NFL defenses present an influx of complex schemes, with disguised coverages and blitzes, in an effort to confuse and disrupt offenses. One method offenses use to counter this approach is the play-action pass.
"The great part about the play-action pass is that it slows down the rush and you have some time to look down the field," says New England Patriots quarterback TOM BRADY. "When you drop back to pass, it's tough to get the ball down the field. Defenses see you're passing and those rushers pin their ears back and they really get after the passer."
NFL Network analyst and former NFL quarterback (1998-2009) KURT WARNER is a believer in play-action. Warner says mastering the art of the play-action pass involves much more than the quarterback.
"When it comes to play-action, a lot of people think it has a lot to do with what the quarterback does," says Warner. "Really the best play-action teams are ones where the offensive linemen and the running backs sell the fake much more than the quarterback."
Pittsburgh quarterback BEN ROETHLISBERGER, who leads a balanced Steelers offense, says the execution of a play-action pass starts upfront and with a solid ground game.
"It starts with the offensive line selling the run and the running back selling the fake," says Roethlisberger. "It's all about everyone being able to be a good actor. When you're a good running team it gives you an opportunity to take shots down the field because hopefully you suck the linebackers in, and if you get eyes in the backfield it can open up things downfield."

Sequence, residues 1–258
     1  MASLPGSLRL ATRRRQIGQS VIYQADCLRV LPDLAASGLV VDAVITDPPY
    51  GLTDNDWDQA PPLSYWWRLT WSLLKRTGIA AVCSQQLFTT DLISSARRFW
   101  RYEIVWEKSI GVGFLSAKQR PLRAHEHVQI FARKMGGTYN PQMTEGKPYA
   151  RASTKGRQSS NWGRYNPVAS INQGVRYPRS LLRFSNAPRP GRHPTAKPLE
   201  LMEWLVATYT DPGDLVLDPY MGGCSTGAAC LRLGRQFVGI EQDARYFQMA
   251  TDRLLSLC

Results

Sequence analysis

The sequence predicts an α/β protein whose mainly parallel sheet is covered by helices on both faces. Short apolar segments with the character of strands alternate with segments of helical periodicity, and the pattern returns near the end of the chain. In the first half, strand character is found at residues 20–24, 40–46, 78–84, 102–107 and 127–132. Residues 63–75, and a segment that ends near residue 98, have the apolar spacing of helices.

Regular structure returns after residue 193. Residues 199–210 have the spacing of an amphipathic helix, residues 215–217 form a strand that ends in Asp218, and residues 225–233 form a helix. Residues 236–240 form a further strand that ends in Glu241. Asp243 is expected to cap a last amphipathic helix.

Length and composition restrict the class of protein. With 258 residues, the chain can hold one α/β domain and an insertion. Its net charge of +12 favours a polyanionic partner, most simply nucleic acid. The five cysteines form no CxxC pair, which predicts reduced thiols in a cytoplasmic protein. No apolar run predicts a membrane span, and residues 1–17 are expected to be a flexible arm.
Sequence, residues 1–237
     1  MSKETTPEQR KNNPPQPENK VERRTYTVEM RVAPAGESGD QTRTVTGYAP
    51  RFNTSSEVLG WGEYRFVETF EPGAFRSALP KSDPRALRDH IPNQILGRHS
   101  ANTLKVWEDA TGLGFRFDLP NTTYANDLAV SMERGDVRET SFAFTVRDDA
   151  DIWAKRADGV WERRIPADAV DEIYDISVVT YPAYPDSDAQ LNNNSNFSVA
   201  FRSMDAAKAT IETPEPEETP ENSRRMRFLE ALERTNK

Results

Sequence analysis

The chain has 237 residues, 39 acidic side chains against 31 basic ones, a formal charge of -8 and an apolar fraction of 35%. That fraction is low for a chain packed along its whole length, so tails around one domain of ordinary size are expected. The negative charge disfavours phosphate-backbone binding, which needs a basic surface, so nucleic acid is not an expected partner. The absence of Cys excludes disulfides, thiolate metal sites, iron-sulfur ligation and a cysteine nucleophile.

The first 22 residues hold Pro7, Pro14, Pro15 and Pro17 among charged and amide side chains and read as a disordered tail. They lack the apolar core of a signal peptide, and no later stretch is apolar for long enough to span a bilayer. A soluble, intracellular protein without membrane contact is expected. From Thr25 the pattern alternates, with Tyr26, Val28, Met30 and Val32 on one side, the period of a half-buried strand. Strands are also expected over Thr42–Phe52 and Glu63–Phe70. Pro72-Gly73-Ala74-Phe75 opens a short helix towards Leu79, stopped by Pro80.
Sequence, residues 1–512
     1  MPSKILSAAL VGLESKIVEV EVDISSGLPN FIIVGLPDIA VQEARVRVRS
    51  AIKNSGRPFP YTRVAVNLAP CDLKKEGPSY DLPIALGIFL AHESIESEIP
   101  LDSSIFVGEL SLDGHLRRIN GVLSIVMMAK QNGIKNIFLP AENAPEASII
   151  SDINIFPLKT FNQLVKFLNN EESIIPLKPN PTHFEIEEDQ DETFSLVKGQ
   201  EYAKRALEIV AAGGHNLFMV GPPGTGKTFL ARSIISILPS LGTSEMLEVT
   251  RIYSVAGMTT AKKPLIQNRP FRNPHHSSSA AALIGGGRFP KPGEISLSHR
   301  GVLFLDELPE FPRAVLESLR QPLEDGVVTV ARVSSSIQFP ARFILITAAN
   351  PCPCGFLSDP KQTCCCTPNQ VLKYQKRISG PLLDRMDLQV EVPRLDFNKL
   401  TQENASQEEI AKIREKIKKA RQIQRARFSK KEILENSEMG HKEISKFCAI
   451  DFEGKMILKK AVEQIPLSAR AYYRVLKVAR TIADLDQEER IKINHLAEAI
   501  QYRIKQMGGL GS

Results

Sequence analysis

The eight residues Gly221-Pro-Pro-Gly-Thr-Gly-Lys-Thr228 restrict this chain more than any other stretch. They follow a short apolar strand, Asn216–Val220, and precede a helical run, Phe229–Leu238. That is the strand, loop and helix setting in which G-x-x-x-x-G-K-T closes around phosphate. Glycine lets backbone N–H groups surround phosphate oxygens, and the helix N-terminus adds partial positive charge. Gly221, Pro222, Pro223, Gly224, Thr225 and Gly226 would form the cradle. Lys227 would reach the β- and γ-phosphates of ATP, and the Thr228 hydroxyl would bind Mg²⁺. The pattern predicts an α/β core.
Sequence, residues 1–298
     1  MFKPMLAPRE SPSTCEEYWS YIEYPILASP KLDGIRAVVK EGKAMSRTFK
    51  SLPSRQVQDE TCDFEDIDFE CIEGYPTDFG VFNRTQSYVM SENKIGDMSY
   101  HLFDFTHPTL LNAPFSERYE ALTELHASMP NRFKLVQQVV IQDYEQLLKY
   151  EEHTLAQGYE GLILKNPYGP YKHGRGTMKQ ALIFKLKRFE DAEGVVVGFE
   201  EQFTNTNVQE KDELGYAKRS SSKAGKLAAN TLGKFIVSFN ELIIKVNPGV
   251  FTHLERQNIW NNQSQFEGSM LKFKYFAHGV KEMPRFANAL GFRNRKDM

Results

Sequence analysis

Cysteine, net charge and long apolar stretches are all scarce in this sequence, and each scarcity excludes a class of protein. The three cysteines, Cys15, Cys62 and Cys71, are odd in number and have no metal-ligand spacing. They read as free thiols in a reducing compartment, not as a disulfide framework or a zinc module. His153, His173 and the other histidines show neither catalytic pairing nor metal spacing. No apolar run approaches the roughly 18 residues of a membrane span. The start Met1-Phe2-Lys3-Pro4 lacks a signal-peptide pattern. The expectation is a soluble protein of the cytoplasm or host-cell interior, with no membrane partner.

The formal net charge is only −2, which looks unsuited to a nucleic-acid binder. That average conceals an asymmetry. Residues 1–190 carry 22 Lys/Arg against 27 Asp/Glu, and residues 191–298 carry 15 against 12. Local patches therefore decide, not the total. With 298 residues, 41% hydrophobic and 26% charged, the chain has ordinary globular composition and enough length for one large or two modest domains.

Balance is a key trait to set up play-action.
"For us to be at our best, we want to be balanced," says Indianapolis Colts quarterback PEYTON MANNING. "We don't want a team to put us in a one-dimensional mode. We want to be able to, on any down and distance, drop back and pass or run the ball or run play-action to keep a defense on its heels."
The teams that are closest to a 50/50 rush-to-pass ratio this season:
New York Jets
From a defensive perspective, Tennessee Titans safety MICHAEL GRIFFIN, who is tied for an AFC-high with four interceptions, says defenders have to stick to their keys in order to avoid being fooled by the deceptive play fake.
"It may look like run in the backfield, so the first thing you need to do is read the linemen," says Griffin. "If the linemen are standing straight up, then you need to get your eyes to the receiver and see which routes you are getting. The main key is reading the linemen. The linemen are going to tell you if it is run or pass."